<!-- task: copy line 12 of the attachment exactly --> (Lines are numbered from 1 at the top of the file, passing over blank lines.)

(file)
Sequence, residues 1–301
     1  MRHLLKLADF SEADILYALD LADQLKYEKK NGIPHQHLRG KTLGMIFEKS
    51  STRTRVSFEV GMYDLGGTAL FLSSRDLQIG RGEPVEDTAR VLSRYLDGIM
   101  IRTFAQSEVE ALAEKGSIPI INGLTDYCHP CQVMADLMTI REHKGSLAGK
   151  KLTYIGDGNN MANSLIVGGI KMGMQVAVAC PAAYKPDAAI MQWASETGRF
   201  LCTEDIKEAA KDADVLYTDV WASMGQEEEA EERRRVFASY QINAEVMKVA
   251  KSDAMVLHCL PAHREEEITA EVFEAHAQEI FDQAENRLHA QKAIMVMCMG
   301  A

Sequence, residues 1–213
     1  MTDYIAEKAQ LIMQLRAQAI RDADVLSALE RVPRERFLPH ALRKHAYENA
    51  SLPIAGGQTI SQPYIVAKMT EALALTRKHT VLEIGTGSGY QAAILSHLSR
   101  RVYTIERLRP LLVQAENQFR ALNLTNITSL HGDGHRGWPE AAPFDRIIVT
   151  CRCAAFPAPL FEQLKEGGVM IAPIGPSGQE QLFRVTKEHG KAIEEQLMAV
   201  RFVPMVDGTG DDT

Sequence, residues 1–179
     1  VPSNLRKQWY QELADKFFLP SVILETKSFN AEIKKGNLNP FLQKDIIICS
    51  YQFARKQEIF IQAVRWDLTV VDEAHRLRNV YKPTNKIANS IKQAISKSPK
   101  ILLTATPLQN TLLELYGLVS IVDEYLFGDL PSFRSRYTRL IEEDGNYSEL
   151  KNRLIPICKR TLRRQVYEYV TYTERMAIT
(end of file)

   101  RVYTIERLRP LLVQAENQFR ALNLTNITSL HGDGHRGWPE AAPFDRIIVT